• See Basics page for the usual reminders.

    open tracking (0)
    tracking requests (1)
    targeted (0)
    fixed (20)

    • Mozilla-central bugs that affect us:
      • Current 38.0-branch releases are subject to Logjam weak-encryption downgrade attack [3] due to security.ssl3.dhe_rsa_aes_128_sha and security.ssl3.dhe_rsa_aes_256_sha being enabled by default
        • bug 1138554 fixed in NSS 3.19.1, uplifted to branches for 39.0+ with bug 1166031, and verified fixed for SM 2.36
        • Can 2.35 ship with NSS 3.19.1? [4]
          • bug 1172917 filed to explore the options, possibly building this version from mozilla-esr38 instead of mozilla-release.
    • one week left to get a 2.35 release done, merge scheduled for next week
    • Stalled. Needs a kick.
      • bug 815954 Click-to-Play: Port bug 812562 (click-to-play blocklisted plugins: reshow urlbar notification as with normal click-to-play).
      • bug 476108 GetShortPathNameW fails under some NTFS junctions [patchlove].
    • Current breakages:
    • Mozilla-central bugs that affect us:
      • Firefox is currently changing styles of several Toolkit pages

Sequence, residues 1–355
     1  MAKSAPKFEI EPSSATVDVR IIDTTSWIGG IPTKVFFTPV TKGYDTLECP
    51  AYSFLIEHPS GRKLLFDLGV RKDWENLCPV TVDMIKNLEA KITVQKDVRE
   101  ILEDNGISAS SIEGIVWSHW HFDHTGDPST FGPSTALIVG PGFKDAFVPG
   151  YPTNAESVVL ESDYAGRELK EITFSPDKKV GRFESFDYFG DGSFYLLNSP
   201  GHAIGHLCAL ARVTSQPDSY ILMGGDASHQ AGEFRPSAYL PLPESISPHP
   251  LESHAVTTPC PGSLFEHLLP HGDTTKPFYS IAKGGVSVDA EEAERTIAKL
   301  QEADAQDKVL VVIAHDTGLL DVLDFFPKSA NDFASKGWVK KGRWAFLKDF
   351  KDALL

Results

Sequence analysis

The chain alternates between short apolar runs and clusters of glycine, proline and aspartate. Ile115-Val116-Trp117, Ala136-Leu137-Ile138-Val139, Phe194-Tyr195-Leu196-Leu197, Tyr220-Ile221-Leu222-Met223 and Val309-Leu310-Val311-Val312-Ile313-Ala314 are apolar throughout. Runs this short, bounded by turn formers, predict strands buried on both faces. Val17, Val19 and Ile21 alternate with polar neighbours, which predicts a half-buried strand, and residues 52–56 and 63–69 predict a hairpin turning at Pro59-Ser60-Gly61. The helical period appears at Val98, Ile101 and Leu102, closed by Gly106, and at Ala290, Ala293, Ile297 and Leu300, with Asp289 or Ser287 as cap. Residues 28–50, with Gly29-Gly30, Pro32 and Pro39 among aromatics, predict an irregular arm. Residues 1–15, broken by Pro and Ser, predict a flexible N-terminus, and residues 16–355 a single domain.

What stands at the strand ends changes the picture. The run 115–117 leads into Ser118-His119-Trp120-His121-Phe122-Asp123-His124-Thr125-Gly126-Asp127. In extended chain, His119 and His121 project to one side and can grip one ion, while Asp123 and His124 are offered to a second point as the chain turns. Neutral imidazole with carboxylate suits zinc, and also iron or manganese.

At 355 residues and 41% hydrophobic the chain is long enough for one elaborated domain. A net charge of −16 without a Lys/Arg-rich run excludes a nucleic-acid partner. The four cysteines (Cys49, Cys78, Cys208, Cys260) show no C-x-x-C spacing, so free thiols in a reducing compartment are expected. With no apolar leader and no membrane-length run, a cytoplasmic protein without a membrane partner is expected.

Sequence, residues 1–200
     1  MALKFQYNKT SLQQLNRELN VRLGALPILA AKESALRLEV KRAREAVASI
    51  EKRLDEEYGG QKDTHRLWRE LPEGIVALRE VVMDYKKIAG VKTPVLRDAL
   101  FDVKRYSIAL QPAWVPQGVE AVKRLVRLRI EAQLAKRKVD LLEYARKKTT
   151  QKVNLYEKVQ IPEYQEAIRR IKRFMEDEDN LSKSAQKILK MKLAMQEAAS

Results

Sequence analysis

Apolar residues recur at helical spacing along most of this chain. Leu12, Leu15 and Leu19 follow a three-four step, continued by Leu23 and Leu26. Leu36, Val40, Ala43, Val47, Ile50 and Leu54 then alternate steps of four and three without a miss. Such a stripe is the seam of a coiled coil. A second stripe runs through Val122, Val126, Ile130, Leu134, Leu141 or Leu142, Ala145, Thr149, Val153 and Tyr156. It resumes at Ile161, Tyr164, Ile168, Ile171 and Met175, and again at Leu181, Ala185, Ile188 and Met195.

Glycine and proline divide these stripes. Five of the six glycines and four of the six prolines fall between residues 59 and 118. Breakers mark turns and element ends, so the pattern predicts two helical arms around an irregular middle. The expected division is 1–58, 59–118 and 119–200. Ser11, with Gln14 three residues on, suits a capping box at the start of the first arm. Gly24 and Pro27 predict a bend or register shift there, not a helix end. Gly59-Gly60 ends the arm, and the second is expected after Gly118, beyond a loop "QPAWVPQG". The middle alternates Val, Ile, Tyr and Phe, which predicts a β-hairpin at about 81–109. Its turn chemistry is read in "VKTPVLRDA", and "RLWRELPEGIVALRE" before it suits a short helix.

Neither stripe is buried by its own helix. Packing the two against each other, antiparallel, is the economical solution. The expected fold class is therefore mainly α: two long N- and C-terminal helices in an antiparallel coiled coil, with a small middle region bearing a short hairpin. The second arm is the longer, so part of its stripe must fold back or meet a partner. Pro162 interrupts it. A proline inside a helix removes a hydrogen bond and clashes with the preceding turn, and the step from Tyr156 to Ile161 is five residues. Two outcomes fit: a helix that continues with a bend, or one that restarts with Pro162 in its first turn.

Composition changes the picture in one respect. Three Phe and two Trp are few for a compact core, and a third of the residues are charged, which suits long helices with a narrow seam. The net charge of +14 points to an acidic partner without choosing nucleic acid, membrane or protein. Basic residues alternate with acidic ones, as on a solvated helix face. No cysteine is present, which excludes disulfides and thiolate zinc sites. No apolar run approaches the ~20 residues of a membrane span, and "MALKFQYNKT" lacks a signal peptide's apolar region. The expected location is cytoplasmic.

• already affected: config.xul for about:config, bug 1125636
        • Toolkit meta bug for about:* pages: bug 1097111 – SeaMonkey tracking in bug 1133743
        • Modern may need updating as IDs are changing, Default needs forking if we want to roll back to previous styles
        • Fallout thus far: bug 1133380 about:privatebrowsing (Default), bug 1133582 about:config (Modern)
      • Our front end Sync UI needs to be updated as the old backend is going away in Gecko/Firefox 31. See: New Firefox Sync has landed in Firefox Nightly. Tracked in:
        • bug 998807 Sync account creation or device pairing fails with exception in BrowserIDManager.
        • bug 1003434 Add support for about:sync-progress.
        • SeaMonkey won’t be allowed to use the Firefox Sync 1.5 servers. Ewong has set up a FxA 1.5 server and is looking into hosting our own FxAccounts server on a community machine or VPS.
      • A lot of these bugs are due to mozilla-central switching from synchronous APIs to Asynchronous APIs.
      • bug 566746 (asyncFormHistory) Form history should use asynchronous storage API. Tracked in:
        • bug 912031 Use Asynchronous FormHistory.jsm in place of nsIFormHistory2 in Suite.
      • bug 769764 move proxy resolution to separate thread and remove sync api. Tracked in: